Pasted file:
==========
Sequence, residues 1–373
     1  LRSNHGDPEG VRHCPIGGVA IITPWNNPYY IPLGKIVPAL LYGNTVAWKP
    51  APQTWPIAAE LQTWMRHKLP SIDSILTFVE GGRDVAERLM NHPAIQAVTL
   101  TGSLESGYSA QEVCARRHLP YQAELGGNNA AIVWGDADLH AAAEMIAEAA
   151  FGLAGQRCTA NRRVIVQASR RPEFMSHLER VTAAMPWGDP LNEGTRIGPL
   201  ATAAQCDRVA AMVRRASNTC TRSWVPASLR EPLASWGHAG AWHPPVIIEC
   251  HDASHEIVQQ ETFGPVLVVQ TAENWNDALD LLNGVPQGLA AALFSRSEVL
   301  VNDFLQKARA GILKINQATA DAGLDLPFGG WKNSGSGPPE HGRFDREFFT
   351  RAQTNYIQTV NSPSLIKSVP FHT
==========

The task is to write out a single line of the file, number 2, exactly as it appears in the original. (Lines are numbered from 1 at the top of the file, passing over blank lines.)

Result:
     1  LRSNHGDPEG VRHCPIGGVA IITPWNNPYY IPLGKIVPAL LYGNTVAWKP